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Still think it’s cheaper to rent?

According to recently released data from real estate analytics and listing firm, Zillow, rental prices in February accelerated at the fastest rate in 10 months. The company’s Real Estate Market Report found that February’s rent prices increased 2.4% compared to the same month last year. This significant gain caused the U.S. median rent price to $1,472. The median rent price in February 2018 was $1,438. Although the difference only amounts to an additional $34, this translates to more than $400/year in additional costs for the average renter.

Zillow’s report revealed another interesting fact. Of the metro areas surveyed, only two posted a slowdown in rent price growth when compared to the year before: Pittsburgh and Orlando. However, both of these markets still experienced higher-than-normal growth, with Orlando rents increasing faster than any other large metro at 7%.¬†

Not ready to buy a home? There may be a silver lining.

For those who would like to buy a home of their own but are simply not ready, this news may come as an unpleasant shock. However, there may be some good news ahead. While the rental market is certainly heating up, experts say the rapid price increases are unlikely to last much longer.

“The rental market spent part of last year catching its breath after several years of breakneck growth,” said Zillow Economist Jeff Tucker. “Landlords are now coming to terms with the fact that rent cannot grow faster than income forever, and after that short correction we can expect a much more vanilla, slow-growth market going forward. As we enter the 2020s, the demand for rentals is projected to fall as many millennials move on to homeownership.”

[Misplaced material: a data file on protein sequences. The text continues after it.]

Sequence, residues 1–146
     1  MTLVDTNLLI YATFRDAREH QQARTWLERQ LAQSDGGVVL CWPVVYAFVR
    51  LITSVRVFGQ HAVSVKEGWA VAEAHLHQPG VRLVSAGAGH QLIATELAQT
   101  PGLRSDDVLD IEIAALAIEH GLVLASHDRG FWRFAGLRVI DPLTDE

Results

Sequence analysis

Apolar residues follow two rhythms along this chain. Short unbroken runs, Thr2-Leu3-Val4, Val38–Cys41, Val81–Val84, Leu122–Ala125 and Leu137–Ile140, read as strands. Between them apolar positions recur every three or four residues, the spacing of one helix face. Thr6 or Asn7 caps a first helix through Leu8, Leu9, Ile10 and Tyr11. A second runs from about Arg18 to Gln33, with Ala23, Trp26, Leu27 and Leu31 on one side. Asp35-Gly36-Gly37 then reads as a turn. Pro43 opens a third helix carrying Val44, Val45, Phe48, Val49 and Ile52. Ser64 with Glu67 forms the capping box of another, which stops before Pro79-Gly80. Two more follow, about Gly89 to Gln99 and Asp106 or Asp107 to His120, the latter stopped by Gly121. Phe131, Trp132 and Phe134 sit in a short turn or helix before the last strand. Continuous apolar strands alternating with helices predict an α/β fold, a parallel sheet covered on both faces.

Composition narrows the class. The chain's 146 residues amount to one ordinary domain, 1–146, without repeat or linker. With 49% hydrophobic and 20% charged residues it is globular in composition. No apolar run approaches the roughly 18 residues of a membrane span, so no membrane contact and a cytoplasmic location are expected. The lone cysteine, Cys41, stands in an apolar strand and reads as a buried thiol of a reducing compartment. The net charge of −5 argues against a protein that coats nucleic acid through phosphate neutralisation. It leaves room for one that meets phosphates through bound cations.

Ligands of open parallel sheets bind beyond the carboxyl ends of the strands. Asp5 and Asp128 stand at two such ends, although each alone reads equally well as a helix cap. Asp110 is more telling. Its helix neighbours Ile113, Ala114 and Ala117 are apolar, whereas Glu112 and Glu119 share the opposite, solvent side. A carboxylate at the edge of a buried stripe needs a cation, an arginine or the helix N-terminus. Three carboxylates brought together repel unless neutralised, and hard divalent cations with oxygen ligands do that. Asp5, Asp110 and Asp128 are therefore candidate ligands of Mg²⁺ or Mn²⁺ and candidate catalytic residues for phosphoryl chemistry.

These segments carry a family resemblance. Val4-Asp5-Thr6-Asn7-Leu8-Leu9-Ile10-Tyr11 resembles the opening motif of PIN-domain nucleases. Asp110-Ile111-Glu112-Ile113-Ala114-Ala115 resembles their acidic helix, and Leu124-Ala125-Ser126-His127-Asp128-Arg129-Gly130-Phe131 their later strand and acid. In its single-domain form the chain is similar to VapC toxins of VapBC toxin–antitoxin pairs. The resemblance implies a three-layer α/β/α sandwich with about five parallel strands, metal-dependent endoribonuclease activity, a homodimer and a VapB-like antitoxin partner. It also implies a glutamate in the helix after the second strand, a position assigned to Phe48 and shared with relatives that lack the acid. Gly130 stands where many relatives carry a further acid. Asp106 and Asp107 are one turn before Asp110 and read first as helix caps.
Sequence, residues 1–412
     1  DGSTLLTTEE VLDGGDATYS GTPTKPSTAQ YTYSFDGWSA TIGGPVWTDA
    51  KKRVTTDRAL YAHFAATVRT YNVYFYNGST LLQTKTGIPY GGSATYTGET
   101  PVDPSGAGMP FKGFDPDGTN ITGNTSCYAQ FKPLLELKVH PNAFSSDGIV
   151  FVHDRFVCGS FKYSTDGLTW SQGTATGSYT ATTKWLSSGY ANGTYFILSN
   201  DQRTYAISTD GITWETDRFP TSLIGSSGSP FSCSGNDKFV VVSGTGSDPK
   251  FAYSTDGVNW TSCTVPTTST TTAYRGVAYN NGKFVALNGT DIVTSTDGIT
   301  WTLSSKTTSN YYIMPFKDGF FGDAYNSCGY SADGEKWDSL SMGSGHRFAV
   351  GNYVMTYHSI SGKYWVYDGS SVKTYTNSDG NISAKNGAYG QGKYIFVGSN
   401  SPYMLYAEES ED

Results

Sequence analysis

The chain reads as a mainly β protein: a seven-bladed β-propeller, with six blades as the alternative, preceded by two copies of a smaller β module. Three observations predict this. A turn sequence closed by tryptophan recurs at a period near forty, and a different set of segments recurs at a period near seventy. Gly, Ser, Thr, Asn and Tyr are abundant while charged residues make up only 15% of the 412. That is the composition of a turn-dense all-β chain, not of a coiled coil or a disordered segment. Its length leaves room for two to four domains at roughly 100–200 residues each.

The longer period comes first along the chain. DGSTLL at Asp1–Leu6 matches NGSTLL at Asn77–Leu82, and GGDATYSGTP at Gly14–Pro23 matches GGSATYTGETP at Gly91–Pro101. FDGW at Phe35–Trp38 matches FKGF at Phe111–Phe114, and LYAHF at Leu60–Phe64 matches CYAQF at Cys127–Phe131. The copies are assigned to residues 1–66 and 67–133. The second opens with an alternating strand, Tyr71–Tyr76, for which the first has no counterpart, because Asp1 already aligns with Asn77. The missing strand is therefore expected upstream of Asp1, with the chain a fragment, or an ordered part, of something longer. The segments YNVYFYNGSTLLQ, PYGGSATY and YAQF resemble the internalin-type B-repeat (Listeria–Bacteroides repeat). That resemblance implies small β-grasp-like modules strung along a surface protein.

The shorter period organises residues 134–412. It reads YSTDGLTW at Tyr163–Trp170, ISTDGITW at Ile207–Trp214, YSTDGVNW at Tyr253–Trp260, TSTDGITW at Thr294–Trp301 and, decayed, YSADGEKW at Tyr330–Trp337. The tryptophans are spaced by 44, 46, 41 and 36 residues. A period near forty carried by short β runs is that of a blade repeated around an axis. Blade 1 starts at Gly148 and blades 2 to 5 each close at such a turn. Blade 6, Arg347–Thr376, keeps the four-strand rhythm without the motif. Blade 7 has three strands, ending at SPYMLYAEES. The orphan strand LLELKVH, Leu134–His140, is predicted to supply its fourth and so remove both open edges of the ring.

Tucker isn’t the only one who thinks the rental price boom is on its way out.¬†According to CoreLogic Deputy Chief Economist Ralph McLaughlin, the growth of homeownership we saw in the last quarter of 2018 was largely due to young renters transitioning into home buyers.

“The fourth quarter of 2018 was the fifth consecutive quarter that owner-occupied households grew by more than a million, at 1.7 million new owner households,” McLaughlin stated in a report. “At the same time, the number of new renter households fell six out of the past seven quarters with a decrease of 167,000 households. This suggests that the increase in the homeownership rates is at least partly due to households making a switch from renting to owning.”

So if you’re among the many Americans who must continue to rent (or if it’s just your preferred lifestyle), hopefully the market will be kinder to your bank account in the near future. This is important for any renter who hopes to save up enough money to make a down payment on a home. (See our related post,¬†Tips for Saving Up for a Down Payment on a Home).

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